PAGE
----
Settings

ⓕ font-size

  • -2
  • -1
  • 0
  • +1
  • +2

Dissident writer Lee dies at 84

Lee Ho-chul
Lee Ho-chul, a prolific dissident writer and activist who wrote novels on the national division and separated families in North and South Korea, died of a brain tumor, Sunday. He was 84.

Born in the North Korean city of Wonsan, South Hamgyong Province, in 1932, Lee was drafted into the North Korean army during the Korean War (1950-1953) but ultimately fled to South Korea.

Since his 1955 debut with the story "Leaving Home," he has written stories exploring the emotional toll of the Korean War on individuals and the conflict between those who benefited from the war and those who were deprived.

His major works include the 1961 novel "Panmunjeom," a story of a South Korean reporter's visit to the Korean Demilitarized Zone and his brief but warm encounter with a female reporter from the North.

A fervent activist, he participated in the democracy movement against the dictatorial regime of former President Park Chung-hee and spent most of the 1970s in prison. He was a member of the Association of Writers for Literature of Freedom and Practice.

He received the Contemporary Literature Award for "Panmunjeom" and the Dongin Literary Award for "Wasting Away" in 1962.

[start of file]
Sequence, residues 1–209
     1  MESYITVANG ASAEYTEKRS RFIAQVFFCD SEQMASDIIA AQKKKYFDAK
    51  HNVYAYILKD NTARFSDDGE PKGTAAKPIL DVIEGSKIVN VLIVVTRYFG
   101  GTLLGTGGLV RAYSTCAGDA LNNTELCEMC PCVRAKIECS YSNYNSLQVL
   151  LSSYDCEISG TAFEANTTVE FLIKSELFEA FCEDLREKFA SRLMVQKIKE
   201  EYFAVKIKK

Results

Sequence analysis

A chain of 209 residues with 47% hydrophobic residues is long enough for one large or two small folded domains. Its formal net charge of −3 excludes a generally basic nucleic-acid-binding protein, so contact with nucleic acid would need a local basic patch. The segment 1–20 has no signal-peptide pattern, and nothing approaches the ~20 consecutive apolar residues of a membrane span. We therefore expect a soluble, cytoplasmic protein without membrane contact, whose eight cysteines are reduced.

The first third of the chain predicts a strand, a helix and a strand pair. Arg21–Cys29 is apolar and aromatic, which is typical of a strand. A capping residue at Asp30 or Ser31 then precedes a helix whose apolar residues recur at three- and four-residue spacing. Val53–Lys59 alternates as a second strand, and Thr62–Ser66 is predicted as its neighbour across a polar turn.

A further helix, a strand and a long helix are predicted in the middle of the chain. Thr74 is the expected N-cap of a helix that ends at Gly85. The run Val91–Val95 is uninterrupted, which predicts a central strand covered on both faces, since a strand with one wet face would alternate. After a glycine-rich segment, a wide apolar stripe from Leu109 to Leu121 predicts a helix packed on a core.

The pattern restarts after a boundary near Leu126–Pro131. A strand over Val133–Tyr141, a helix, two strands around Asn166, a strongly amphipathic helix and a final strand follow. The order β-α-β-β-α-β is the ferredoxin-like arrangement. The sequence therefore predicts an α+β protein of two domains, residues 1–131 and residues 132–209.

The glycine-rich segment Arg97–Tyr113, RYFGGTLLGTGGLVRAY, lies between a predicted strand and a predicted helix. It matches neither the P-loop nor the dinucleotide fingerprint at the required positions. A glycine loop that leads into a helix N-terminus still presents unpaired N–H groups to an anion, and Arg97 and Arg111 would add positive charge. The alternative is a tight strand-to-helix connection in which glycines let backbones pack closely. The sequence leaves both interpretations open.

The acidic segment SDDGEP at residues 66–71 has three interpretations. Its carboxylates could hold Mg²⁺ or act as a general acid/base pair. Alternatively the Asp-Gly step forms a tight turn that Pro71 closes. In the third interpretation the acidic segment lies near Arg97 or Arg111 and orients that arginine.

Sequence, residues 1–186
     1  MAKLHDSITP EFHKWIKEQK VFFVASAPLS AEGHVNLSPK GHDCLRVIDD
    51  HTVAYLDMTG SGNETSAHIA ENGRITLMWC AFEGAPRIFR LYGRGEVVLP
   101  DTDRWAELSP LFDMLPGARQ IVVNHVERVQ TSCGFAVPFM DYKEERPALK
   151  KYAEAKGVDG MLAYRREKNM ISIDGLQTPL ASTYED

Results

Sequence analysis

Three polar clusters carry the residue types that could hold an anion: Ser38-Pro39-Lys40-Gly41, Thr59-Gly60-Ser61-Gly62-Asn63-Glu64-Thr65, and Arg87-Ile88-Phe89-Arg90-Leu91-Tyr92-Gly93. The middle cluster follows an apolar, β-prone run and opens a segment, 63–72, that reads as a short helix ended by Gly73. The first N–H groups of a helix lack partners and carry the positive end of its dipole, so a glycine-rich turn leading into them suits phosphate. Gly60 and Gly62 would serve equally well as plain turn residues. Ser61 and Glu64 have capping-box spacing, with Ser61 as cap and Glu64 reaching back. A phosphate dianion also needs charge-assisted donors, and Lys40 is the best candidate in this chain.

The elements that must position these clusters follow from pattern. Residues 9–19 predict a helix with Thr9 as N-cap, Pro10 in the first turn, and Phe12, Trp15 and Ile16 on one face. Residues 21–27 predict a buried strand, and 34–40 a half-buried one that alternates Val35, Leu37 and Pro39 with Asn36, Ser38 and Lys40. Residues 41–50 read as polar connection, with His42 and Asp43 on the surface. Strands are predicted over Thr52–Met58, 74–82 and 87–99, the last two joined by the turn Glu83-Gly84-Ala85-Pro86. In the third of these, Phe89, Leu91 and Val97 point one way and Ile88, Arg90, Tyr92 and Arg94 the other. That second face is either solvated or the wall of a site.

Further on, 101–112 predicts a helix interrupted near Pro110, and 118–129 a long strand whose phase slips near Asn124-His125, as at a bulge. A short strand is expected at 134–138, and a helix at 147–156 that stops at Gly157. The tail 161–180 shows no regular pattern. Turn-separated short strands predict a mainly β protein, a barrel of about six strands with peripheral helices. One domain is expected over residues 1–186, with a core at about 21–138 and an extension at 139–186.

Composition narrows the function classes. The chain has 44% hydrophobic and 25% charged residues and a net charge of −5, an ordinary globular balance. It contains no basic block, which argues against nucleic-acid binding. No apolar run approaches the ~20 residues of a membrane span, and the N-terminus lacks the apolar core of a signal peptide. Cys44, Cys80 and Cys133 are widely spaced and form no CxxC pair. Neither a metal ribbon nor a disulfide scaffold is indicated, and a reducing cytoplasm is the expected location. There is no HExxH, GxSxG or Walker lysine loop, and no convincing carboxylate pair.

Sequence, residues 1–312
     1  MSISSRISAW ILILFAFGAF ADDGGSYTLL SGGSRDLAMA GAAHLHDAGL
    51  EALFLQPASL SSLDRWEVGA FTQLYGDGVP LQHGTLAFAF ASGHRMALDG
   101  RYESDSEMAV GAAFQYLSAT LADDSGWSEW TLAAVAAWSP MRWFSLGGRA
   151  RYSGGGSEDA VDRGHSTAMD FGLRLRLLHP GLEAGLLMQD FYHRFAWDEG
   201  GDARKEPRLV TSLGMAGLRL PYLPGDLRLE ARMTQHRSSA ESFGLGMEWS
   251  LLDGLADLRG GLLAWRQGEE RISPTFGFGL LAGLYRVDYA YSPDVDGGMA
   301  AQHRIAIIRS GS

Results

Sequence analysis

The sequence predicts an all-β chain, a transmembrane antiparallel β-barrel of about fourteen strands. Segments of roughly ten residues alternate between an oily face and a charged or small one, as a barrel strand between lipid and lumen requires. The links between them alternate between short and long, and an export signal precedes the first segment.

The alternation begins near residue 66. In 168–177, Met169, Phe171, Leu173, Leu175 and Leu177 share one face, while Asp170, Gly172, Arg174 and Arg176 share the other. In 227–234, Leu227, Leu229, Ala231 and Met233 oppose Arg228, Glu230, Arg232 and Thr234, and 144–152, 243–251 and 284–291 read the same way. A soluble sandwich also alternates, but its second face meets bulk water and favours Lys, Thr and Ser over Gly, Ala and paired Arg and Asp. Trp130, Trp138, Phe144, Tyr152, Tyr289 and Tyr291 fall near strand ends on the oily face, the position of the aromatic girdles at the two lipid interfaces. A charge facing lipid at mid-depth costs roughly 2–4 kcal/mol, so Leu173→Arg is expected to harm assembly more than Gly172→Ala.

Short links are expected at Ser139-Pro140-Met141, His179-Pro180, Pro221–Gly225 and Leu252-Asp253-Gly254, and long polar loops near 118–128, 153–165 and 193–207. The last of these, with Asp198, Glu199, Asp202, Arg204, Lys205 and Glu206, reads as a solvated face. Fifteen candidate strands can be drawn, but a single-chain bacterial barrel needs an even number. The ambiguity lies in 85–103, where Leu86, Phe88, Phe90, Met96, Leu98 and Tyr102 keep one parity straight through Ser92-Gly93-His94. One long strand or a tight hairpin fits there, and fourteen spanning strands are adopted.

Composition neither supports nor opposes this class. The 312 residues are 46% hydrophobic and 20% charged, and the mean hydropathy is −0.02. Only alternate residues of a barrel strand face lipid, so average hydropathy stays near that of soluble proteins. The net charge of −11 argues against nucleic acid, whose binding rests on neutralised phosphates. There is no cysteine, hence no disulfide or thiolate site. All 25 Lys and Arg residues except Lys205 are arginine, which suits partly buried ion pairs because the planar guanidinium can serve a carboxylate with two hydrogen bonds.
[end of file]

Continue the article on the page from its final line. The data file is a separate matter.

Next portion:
He is survived by his wife and daughter. A funeral will be held Wednesday.


Lee Ho-chul
Lee Ho-chul, a prolific dissident writer and activist who wrote novels on the national division and separated families in North and South Korea, died of a brain tumor, Sunday. He was 84.

Born in the North Korean city of Wonsan, South Hamgyong Province, in 1932, Lee was drafted into the North Korean army during the Korean War (1950-1953) but ultimately fled to South Korea.

Since his 1955 debut with the story "Leaving Home," he has written stories exploring the emotional toll of the Korean War on individuals and the conflict between those who benefited from the war and those who were deprived.

His major works include the 1961 novel "Panmunjeom," a story of a South Korean reporter's visit to the Korean Demilitarized Zone and his brief but warm encounter with a female reporter from the North.

A fervent activist, he participated in the democracy movement against the dictatorial regime of former President Park Chung-hee and spent most of the 1970s in prison. He was a member of the Association of Writers for Literature of Freedom and Practice.

He received the Contemporary Literature Award for "Panmunjeom" and the Dongin Literary Award for "Wasting Away" in 1962.

He is survived by his wife and daughter. A funeral will be held Wednesday.


Park Jin-hai jinhai@koreatimes.co.kr
LETTER

Sign up for eNewsletter